Mechanically resistant and sustainable cellulose-based composite aerogels with excellent flame retardant, sound-absorption, and superantiwetting ability for advanced engineering materials
Date of Issue2017
School of Materials Science and Engineering
The production of cellulose-based aerogels from the conversion of cheap and rich precursors using environmentally friendly techniques is a very attractive subject in materials chemistry. In this work, we reports a facile strategy to construct flame retardant, sound-adsorption and mechanical enhancement cellulose-based composite aerogels by the incorporation of aluminum hydroxide nanoparticles (AH NPs) into cellulose gels via an in-situ sol-gel process, followed by freeze-drying to coat AH NPs on cellulose composite aerogels (AH NPs@cellulose composite aerogels). The results demonstrated that the AH NPs homogeneous dispersion within cellulose aerogel, and the presence of AH NPs did not have a remarkable influence on the homogeneous porous structure of cellulose aerogels when compared with cellulose aerogel prepared from the NaOH/urea/thiourea solution. The prepared composite cellulose aerogels showed excellent flame retardancy, the peak of heat release rate (PHRR) of the composite aerogels decreased significantly from 280 W/g of the control sample to 22 W/g, and total heat release (THR) of the composite aerogels decreased remarkably from 13.2 kJ/g to 1.6 kJ/g. Moreover, the incorporation of AH NPs composite aerogels exhibited remarkable mechanical properties, the compressive strength of the composite aerogels increased significantly from 0.08 MPa to 1.5 MPa. In addition, AH NPs composite cellulose aerogels have excellent sound absorption at high frequencies with a maximum sound absorption coefficient of 1. AH NPs composite cellulose aerogels have strong water and oil affinity. After immersing the samples in mixed silica nanoparticles, heptadecafluorononanoic, and fluoroalkyl silane solutions they became super-antiwetting, with a water contact angle (CA) larger than 150° and oil CA larger than 140°. In summary, this study provides a facile strategy to rationally construct flame retardant, mechanically robust, high-efficiency sound-adsorption and superamphiphobic cellulose-based composite aerogels, which have promising applications in the future as green engineering materials.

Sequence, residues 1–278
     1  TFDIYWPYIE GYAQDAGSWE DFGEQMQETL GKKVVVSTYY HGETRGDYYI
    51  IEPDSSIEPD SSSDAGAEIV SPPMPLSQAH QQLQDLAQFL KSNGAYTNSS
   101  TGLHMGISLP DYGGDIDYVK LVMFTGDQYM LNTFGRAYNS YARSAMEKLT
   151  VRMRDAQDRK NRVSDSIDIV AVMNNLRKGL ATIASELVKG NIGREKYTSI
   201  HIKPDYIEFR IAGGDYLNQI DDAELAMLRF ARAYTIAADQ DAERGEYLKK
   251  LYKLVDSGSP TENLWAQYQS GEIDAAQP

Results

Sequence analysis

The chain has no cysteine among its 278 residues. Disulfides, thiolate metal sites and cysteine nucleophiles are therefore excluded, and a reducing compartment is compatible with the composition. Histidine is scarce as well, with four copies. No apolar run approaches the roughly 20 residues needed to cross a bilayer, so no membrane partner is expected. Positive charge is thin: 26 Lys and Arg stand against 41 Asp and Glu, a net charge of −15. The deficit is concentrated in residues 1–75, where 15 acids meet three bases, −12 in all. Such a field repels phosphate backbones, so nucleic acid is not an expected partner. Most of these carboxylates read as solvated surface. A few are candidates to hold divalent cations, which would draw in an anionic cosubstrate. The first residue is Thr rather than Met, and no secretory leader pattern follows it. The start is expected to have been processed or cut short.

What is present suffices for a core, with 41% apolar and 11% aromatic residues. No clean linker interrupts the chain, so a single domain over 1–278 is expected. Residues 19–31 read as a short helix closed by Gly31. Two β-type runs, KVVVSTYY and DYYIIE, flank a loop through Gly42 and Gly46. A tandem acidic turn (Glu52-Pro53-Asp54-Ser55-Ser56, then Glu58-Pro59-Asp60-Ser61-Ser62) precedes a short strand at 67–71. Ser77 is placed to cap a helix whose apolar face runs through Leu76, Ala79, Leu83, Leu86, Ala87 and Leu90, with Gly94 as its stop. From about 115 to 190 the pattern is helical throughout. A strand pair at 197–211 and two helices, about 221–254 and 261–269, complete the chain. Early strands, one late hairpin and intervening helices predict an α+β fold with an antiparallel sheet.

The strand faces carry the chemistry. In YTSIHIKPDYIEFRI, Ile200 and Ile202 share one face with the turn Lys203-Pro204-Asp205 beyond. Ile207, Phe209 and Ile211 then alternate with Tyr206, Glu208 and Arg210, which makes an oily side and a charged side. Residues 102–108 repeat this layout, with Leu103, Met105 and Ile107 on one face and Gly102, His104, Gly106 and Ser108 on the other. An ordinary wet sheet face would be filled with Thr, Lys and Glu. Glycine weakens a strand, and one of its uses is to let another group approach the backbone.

ACS Sustainable Chemistry & Engineering
This document is the Accepted Manuscript version of a Published Work that appeared in final form in ACS Sustainable Chemistry and Engineering, copyright © American Chemical Society after peer review and technical editing by the publisher. To access the final edited and published work see https://doi.org/10.1021/acssuschemeng.7b03281